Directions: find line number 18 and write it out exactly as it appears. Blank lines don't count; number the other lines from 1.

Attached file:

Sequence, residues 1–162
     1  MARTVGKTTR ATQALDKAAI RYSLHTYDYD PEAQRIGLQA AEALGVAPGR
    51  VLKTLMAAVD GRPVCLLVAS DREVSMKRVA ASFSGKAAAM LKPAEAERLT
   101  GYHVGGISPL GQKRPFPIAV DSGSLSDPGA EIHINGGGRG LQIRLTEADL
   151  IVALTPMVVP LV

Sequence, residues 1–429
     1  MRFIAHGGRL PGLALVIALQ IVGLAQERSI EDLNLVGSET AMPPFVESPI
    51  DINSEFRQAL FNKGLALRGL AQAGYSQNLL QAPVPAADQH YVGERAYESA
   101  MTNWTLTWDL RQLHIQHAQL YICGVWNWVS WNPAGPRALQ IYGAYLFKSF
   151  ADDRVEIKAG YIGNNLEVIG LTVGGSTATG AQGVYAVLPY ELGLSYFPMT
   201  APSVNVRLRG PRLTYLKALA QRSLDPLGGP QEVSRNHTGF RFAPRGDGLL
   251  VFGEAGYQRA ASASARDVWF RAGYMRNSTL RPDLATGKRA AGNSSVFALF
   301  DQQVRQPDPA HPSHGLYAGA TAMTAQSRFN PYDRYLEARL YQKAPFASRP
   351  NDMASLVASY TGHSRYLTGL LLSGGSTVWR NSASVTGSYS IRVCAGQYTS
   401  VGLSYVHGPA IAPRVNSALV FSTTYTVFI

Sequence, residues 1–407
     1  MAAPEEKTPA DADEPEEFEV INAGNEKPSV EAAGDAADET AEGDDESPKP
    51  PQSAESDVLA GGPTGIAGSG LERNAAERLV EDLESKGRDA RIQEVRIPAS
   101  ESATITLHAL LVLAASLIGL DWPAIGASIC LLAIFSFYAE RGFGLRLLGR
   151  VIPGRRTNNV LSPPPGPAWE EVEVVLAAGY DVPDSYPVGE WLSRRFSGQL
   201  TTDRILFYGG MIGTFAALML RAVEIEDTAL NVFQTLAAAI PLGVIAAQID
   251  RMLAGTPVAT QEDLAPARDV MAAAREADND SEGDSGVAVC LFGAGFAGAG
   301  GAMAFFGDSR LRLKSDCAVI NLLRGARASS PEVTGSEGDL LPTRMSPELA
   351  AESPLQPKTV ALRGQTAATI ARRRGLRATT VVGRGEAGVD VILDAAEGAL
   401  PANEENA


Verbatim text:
    51  PQSAESDVLA GGPTGIAGSG LERNAAERLV EDLESKGRDA RIQEVRIPAS